Clearly the ordinary and accustomed meaning of the term "bone" is not limited to hip bones and femurs. DePuy argues, however, that the specification leaves no doubt that the claimed invention is limited to hip replacements. Indeed, the patent is titled "Modular Hip Prosthesis," (1:2), and begins by reciting:
The present invention relates to prosthesis for
replacement of a portion of the hip joint. More
particularly, the present invention relates to a
modular prosthesis for replacement of the upper
portion of the femur.
(1:13-16.) The specification goes on to describe the current state of conventional hip prostheses and some of the problems associated with them (1:17-60), and then explains that "[the) object of the present invention is to provide a modular hip prosthesis" that addresses these various problems (2:50-64). It is clear that the specification is describing a hip prosthesis in particular, as opposed to any ball-and-socket-type prosthesis in general. The claim construction inquiry, however, "begins and ends in all cases with the actual words of the claim." Renishaw, 158 F.3d at 1248. And "while it is true that claims are to be interpreted in light of the specification and with a view to ascertaining the invention, it does not follow that limitations from the specification may be read into the claims." Sjolund v. Musland, 847 F.2d 1573
, 1581 (Fed. Cir. 1988).*fn3
There is, however, a fine line between reading a claim in light of the specification, and reading a limitation into the claim from the specification, Comark Communications, Inc. v. Harris Corp., 156 F.3d 1182, 1186-87 (Fed. Cir. 1998), and ultimately "[a] claim construction is persuasive, not because it follows a certain rule, but because it defines terms in the context of the whole patent," Renishaw, 158 F.3d at 1250. Thus, "[t]he construction that stays true to the claim language and most naturally aligns with the patent's description of the invention will be, in the end, the correct construction." Id. Here, that construction is one that reads "bone joint prosthesis" as "hip joint prosthesis," and the repeated references to "bone" as references to "the femur." The specification clearly indicates that the patentees meant "hip joint prosthesis" and "femur" in the claim, and by looking to the specification for this purpose, I am not importing an extraneous limitation into the claim. See E.I. du Pont de Nemours & Co. v. Phillips Petroleum Co., 849 F.2d 1430, 1433 (Fed. Cir. 1988) ("It is entirely proper to use the specification to interpret what the patentee meant by a word or phrase in the claim . . . [b]ut this is not to be confused with adding an extraneous limitation appearing in the specification, which is improper.").*fn4 See also Corning Glass Works v. Sumitomo Elec. U.S.A., Inc., 868 F.2d 1251, 1256-57 (Fed. Cir. 1989) (reading a patent claim as limited to having properties set out in the specification because the specification "makes clear that the inventors were working on the particular problem of an effective optical communication system not on general improvements in conventional optical fibers [and thus, to] read the claim in light of the specification indiscriminately to cover all types of optical fibers would be divorced from reality.") (citing du Pont).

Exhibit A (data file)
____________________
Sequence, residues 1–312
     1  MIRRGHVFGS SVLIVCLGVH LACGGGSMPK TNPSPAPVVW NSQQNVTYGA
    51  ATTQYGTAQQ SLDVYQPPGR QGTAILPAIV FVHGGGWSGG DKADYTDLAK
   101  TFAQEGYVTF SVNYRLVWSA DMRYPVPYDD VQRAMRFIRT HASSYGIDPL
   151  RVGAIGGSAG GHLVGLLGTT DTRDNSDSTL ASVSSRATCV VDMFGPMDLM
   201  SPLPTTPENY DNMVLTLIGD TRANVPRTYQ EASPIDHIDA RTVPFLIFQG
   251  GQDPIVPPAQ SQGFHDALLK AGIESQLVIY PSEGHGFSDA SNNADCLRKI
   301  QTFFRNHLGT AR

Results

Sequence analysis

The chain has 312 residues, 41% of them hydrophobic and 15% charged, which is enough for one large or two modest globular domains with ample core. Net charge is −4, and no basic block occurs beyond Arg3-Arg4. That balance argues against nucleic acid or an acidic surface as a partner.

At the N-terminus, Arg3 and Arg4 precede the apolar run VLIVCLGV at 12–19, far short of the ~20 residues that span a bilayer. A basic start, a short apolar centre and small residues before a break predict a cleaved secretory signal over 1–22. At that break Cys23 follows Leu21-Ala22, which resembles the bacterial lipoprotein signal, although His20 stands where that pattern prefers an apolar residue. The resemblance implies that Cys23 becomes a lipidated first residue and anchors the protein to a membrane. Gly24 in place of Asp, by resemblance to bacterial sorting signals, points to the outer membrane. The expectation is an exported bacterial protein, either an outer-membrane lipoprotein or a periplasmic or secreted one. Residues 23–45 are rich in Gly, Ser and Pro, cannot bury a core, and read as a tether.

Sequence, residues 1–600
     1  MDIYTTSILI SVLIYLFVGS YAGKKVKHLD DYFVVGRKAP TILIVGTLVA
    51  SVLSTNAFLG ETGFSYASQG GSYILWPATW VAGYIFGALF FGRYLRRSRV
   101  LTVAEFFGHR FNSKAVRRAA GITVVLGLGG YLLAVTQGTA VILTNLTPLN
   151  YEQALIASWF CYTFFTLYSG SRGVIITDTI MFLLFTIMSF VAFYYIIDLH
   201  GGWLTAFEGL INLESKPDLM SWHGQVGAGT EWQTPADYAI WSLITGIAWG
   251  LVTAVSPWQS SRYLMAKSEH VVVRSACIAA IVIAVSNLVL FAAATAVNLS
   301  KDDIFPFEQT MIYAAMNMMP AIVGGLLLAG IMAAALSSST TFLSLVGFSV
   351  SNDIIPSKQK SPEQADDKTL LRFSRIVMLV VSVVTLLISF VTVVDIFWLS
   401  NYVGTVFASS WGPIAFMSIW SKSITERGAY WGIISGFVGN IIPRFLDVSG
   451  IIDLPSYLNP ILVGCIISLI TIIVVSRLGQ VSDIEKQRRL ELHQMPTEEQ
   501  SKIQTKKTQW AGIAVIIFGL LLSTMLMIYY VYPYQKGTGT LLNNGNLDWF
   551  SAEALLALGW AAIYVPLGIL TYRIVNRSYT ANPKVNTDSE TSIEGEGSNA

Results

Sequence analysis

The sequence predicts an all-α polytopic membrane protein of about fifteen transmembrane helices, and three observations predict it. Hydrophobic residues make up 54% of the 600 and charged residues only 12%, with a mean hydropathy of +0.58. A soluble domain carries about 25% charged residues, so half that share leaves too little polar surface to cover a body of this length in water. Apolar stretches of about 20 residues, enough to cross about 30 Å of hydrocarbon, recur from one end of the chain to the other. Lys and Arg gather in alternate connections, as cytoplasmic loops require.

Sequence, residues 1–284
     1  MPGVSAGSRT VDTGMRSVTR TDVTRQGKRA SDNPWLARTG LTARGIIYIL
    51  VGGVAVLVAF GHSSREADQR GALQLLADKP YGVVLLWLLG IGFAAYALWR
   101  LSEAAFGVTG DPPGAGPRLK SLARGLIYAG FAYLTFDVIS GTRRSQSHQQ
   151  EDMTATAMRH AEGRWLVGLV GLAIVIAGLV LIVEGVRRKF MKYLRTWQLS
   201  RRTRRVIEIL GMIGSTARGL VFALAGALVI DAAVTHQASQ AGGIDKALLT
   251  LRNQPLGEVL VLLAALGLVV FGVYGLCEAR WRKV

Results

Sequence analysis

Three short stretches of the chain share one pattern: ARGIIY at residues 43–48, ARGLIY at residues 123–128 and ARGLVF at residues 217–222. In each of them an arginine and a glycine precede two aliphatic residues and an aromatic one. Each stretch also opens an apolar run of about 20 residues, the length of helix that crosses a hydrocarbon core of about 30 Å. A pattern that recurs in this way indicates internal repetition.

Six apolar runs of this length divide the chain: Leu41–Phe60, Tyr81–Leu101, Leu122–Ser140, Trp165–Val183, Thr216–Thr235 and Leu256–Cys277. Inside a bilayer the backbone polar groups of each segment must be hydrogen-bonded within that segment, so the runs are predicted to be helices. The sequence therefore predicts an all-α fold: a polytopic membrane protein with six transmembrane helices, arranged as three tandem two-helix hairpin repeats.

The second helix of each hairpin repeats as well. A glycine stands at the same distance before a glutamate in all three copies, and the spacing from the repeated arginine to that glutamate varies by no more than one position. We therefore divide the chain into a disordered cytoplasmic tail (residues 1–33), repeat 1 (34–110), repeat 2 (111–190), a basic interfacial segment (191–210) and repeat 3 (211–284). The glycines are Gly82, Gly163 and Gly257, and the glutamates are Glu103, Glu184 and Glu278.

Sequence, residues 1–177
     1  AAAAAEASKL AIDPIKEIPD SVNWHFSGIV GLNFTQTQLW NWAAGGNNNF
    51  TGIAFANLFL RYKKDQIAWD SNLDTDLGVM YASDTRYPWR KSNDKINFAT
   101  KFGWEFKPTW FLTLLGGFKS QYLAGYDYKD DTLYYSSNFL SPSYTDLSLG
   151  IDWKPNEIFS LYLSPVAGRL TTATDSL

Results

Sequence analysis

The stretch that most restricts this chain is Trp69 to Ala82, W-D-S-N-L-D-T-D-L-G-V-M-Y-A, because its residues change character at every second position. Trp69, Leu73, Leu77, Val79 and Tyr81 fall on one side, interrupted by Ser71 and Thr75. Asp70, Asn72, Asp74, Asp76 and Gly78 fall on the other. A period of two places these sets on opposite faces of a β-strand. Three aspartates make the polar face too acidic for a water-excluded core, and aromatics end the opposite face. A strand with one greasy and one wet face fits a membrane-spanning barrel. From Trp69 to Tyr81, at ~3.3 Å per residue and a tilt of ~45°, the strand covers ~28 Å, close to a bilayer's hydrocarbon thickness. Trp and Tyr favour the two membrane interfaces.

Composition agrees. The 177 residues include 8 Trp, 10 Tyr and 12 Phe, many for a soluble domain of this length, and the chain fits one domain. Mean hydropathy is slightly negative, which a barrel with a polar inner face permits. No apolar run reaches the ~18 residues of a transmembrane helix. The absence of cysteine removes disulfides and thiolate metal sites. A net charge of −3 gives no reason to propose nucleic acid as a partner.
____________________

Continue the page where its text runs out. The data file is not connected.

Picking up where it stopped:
Zimmer makes two arguments why the claims should not be limited to hip joint prostheses. First, in claim 18, which is not at issue here, the patent claims "[a] kit for the assembly of a hip prosthesis for replacement of a head, neck, and adjacent portions of a femur." (9:29-31) (emphasis added). Thus, argues Zimmer, when the patentees wished to limit a claim to hip prostheses, they explicitly did so. The doctrine of claim differentiation states:
There is presumed to be a difference in meaning and
scope when different words or phrases are used in
separate claims. To the extent that the absence of
such difference in meaning and scope would make a
claim superfluous, the doctrine of claim
differentiation states the presumption that the
difference between the claims is significant.
Comark Communications, 156 F.3d at 1187. There is thus a presumption that the terms "bone joint prosthesis" and "bone" in claim 1 have a separate meaning and scope from the terms "hip prosthesis" and "femur" in claim 18. However, the doctrine of claim differentiation applies only if giving the terms in claim 1 the same meaning and scope as the terms in claim 18 renders one of the claims superfluous. That is not the case here. Claim 18 describes a kit containing stems with a lower portion and an upper portion and bodies that are placed over the upper portion of the stem. (9:29-41.) Claim 1, on the other hand, describes a kit containing stems and bodies "to be joined in fixed attachment." (8:27-35.) Claim 1 does not describe the stems as containing upper and lower portions and does not describe the bodies as being placed over the upper portion of the stem. Reading "bone joint prosthesis" and "bone" in claim 1 as having the same scope and meaning as "hip prosthesis" and "femur" in claim 18 does not render either claim superfluous, and the doctrine of claim differentiation therefore does not apply to require a broad reading of claim 1 as including shoulder joint prostheses.